Wednesday, February 15, 2012

A Job Market Story

Noah Smith tells his economics job market story over at Noahpinion, and it inspires me to tell one of mine.  (Bravo, Noah, not just for landing a good job, but for doing it nonrobotically.)  I have a lot of stories, because I was on the market a long, long time.

In this case, the time was December 1987, the place was Chicago, site of the annual economics meetings that year.  I had just completed my dissertation, a theoretical treatment of wage compensation for dangerous work.  (My chair was Herb Gintis, an extraordinarily generous and helpful advisor.)  I had sent out a whole slew of applications but had landed hardly any first interviews.

My plane landed in Chicago just as a powerful snowstorm was blanketing the city.  Since O’Hare closed for a while, the beginning of the meetings was disrupted, and the entire event felt a bit surreal.  I had some extra time the first morning—OK, with few interviews I had a lot of extra time all the way through—so I decided to get some exercise.  My hotel’s fitness room was shut down for renovations, and they were giving away vouchers for a health club down the street.  I went down to the concierge desk to pick up mine.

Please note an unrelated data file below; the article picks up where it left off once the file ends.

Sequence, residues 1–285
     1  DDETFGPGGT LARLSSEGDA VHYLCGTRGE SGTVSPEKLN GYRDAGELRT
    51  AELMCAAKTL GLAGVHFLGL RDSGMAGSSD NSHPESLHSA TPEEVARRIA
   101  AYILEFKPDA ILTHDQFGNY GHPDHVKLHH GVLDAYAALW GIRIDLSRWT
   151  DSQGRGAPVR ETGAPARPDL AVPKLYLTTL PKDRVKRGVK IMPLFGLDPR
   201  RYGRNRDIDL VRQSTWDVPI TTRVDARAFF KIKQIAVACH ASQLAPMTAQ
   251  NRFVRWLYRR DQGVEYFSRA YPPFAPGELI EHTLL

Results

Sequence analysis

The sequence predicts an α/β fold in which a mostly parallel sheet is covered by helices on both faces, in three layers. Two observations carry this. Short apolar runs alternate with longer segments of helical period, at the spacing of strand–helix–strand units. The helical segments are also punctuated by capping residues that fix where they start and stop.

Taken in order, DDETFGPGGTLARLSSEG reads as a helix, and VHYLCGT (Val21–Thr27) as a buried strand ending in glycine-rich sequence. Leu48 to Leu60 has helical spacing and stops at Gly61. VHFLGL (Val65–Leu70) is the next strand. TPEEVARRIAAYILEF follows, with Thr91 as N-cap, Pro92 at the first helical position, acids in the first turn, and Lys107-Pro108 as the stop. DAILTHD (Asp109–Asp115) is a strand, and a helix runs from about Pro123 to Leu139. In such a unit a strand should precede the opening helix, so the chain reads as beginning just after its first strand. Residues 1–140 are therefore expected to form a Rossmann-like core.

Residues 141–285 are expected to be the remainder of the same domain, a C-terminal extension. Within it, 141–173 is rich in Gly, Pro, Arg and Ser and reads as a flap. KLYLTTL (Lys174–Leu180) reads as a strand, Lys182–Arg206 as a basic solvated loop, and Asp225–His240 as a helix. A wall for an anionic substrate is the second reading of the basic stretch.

Standing next to me was a woman of about my age, also picking up a voucher.  Since neither of us quite knew where we were going, and the snow was blowing furiously in the wind, we decided to find our way together.  I asked where she was from; she said the Duke school of public policy, and she was at the meetings to recruit.  Amazing, I said, since I’m on the market, and I had applied to Duke public policy, and I was sure I would get an interview, since I am really a policy person, but I didn’t.

She asked about my dissertation, and I described it.  (The snow was fierce.)  She seemed very interested.  Why hadn’t they scheduled me, she wondered.  Then she asked what school I was from.  UMass-Amherst, I said.  There was an uncomfortable silence.  You could see her face simply drop, as if it were about to fall off.  “Um, don’t they have a lot of Marxists there?”

Well, that was that: no last minute possibility at Duke.  And it went downhill for the next half-dozen years, desperate and unproductive job-hunting with a smattering of amusing stories along the way.

The best comeback lines occur to you too late.  I wish I had calmly replied, “Don’t worry, it’s sort of like AIDS.  You can’t get it from casual contact.”


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